Anal fissure: Medical management
- Ronald Bleday, MD
Ronald Bleday, MD
- Associate Professor of Surgery
- Harvard Medical School
- Section Editors
- Martin Weiser, MD
Martin Weiser, MD
- Section Editor — Colorectal Surgery
- Attending Surgeon
- Memorial Sloan Kettering Cancer Center
- Professor of Surgery
- Weill Cornell Medical School
- Lawrence S Friedman, MD
Lawrence S Friedman, MD
- Section Editor — General Gastroenterology
- Professor of Medicine
- Harvard Medical School
- Tufts University School of Medicine
Anal fissure is one of the most common benign anorectal conditions. Trauma to the anoderm with the passage of a hard stool is thought to be a common initiating factor. Persistence of a fissure is typically associated with anal spasm or high anal pressure. The treatment of anal fissure breaks the cyclic anal sphincter spasm, prevents tearing of the anal mucosa, and promotes healing of the fissure.
The majority of anal fissures are treated medically, which is the topic of this discussion [1,2]. Surgical therapy, which is reserved for refractory anal fissures, is discussed in another topic. The clinical manifestations, diagnosis, and prevention of anal fissure are also discussed elsewhere. (See "Anal fissure: Surgical management" and "Anal fissure: Clinical manifestations, diagnosis, prevention".)
Anal fissures can be primary or secondary. Most typical fissures are primary and are caused by local trauma in the context of anal spasm or high anal pressure. Primary anal fissures are most commonly located at the posterior midline, and less commonly at the anterior midline. Secondary, or atypical, anal fissures are caused by another disease process such as Crohn disease and can occur at locations other than the midline. (See "Anal fissure: Clinical manifestations, diagnosis, prevention", section on 'Etiology'.)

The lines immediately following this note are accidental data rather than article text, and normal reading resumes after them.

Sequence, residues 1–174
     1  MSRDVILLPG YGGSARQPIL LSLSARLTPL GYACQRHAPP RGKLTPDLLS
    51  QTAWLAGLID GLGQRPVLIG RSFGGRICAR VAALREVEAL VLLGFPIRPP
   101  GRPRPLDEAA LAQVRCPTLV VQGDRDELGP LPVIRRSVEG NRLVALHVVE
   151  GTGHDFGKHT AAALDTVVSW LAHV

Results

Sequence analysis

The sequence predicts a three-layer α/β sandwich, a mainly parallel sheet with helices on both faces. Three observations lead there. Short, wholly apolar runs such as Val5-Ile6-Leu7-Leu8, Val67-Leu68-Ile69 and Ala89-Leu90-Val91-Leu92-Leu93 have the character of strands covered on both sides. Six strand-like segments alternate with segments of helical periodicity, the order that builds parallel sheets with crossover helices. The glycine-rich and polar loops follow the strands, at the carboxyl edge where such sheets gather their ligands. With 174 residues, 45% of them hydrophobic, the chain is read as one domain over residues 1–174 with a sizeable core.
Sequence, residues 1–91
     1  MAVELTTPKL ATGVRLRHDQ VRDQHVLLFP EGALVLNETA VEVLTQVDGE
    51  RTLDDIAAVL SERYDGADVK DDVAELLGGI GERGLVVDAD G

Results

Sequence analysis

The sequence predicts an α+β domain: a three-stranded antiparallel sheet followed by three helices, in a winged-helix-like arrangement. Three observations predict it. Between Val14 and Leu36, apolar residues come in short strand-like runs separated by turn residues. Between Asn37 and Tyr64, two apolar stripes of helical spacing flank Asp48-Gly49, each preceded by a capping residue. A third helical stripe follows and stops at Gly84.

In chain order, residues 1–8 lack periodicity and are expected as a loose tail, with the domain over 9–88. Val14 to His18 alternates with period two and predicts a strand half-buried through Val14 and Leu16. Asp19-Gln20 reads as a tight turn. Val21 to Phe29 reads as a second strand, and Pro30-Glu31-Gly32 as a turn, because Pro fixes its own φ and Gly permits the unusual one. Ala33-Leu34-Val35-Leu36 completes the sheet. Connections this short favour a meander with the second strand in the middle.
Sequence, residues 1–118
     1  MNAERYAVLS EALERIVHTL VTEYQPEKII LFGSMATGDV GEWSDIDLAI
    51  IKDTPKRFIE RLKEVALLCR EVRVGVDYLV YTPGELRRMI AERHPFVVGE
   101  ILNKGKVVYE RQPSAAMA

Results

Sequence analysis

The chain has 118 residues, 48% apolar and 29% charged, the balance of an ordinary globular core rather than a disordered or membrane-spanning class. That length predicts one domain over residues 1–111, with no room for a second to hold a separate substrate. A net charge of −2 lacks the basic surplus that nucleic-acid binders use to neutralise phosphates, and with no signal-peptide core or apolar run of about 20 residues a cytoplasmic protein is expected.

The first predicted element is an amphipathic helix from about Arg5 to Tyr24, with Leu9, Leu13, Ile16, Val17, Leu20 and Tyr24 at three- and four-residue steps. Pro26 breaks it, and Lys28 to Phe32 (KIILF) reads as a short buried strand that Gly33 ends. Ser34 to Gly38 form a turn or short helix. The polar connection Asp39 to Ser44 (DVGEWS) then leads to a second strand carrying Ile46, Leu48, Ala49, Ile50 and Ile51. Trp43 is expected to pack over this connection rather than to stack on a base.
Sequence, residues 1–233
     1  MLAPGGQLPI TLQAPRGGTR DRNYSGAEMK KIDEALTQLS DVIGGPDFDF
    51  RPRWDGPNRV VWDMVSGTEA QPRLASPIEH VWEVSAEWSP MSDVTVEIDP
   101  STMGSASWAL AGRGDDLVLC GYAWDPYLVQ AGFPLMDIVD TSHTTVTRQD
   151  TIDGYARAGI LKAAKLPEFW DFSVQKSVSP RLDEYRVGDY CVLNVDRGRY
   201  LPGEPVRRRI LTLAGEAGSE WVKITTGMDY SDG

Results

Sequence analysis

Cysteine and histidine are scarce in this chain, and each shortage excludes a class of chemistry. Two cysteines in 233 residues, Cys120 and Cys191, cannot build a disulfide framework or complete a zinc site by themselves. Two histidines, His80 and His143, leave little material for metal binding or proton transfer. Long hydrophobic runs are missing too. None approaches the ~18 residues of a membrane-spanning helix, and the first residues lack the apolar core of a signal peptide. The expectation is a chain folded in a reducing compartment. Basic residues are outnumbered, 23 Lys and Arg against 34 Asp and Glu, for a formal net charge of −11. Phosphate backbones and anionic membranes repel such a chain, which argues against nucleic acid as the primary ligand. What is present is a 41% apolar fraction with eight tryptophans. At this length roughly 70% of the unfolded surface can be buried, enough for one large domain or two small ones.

Thus, finding of an anal fissure that is not at the midline should prompt an evaluation for Crohn disease, although Crohn-related fissures can also occur at the midline. Other manifestations of perianal Crohn disease include the presence of multiple, recurring, or nonhealing fissures; unusually deep or wide fissures; painless fissures; and perianal skin tags that are hypertrophic, edematous, and tender. Patients with suspected Crohn-related fissures should be referred to a gastroenterologist for further evaluation. (See "Perianal complications of Crohn disease", section on 'Anal fissures'.)
INITIAL MANAGEMENT OF TYPICAL FISSURES
For patients with a typical anal fissure (ie, a single posterior or anterior fissure with no evidence of Crohn disease), we recommend prescribing a combination of supportive measures (fiber, sitz bath, topical analgesic) and one of the topical vasodilators (nifedipine or nitroglycerin) for one month (algorithm 1). In addition, patients who are constipated should receive a stool softener or laxative. The treatment goal is to relax the internal anal sphincter, initiate and maintain atraumatic passage of stool, and relieve pain.To continue reading this article, you must log in with your personal, hospital, or group practice subscription. For more information on subscription options, click below on the option that best describes you:
- Shub HA, Salvati EP, Rubin RJ. Conservative treatment of anal fissure: an unselected, retrospective and continuous study. Dis Colon Rectum 1978; 21:582.
- Jensen SL. Maintenance therapy with unprocessed bran in the prevention of acute anal fissure recurrence. J R Soc Med 1987; 80:296.
- Nelson RL, Chattopadhyay A, Brooks W, et al. Operative procedures for fissure in ano. Cochrane Database Syst Rev 2011; :CD002199.
- Nelson RL, Thomas K, Morgan J, Jones A. Non surgical therapy for anal fissure. Cochrane Database Syst Rev 2012; :CD003431.
- Parellada C. Randomized, prospective trial comparing 0.2 percent isosorbide dinitrate ointment with sphincterotomy in treatment of chronic anal fissure: a two-year follow-up. Dis Colon Rectum 2004; 47:437.